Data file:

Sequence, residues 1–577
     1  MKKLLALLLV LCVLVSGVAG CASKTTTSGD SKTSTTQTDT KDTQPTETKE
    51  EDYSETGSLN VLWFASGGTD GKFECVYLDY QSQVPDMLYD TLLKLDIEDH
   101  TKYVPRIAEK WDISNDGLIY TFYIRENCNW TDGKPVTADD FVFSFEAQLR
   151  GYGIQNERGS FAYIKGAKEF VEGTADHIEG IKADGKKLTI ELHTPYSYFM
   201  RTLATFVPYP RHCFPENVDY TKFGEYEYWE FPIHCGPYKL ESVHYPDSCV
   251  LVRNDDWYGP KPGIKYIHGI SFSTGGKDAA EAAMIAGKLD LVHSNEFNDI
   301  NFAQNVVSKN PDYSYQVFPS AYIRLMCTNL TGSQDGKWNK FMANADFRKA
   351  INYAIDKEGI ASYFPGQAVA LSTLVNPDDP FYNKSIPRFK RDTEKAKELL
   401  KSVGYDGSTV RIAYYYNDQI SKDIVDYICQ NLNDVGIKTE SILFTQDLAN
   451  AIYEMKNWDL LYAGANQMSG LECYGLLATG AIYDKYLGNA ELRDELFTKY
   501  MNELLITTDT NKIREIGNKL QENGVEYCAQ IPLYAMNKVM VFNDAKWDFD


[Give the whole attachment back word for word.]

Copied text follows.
Sequence, residues 1–577
     1  MKKLLALLLV LCVLVSGVAG CASKTTTSGD SKTSTTQTDT KDTQPTETKE
    51  EDYSETGSLN VLWFASGGTD GKFECVYLDY QSQVPDMLYD TLLKLDIEDH
   101  TKYVPRIAEK WDISNDGLIY TFYIRENCNW TDGKPVTADD FVFSFEAQLR
   151  GYGIQNERGS FAYIKGAKEF VEGTADHIEG IKADGKKLTI ELHTPYSYFM
   201  RTLATFVPYP RHCFPENVDY TKFGEYEYWE FPIHCGPYKL ESVHYPDSCV
   251  LVRNDDWYGP KPGIKYIHGI SFSTGGKDAA EAAMIAGKLD LVHSNEFNDI
   301  NFAQNVVSKN PDYSYQVFPS AYIRLMCTNL TGSQDGKWNK FMANADFRKA
   351  INYAIDKEGI ASYFPGQAVA LSTLVNPDDP FYNKSIPRFK RDTEKAKELL
   401  KSVGYDGSTV RIAYYYNDQI SKDIVDYICQ NLNDVGIKTE SILFTQDLAN
   451  AIYEMKNWDL LYAGANQMSG LECYGLLATG AIYDKYLGNA ELRDELFTKY
   501  MNELLITTDT NKIREIGNKL QENGVEYCAQ IPLYAMNKVM VFNDAKWDFD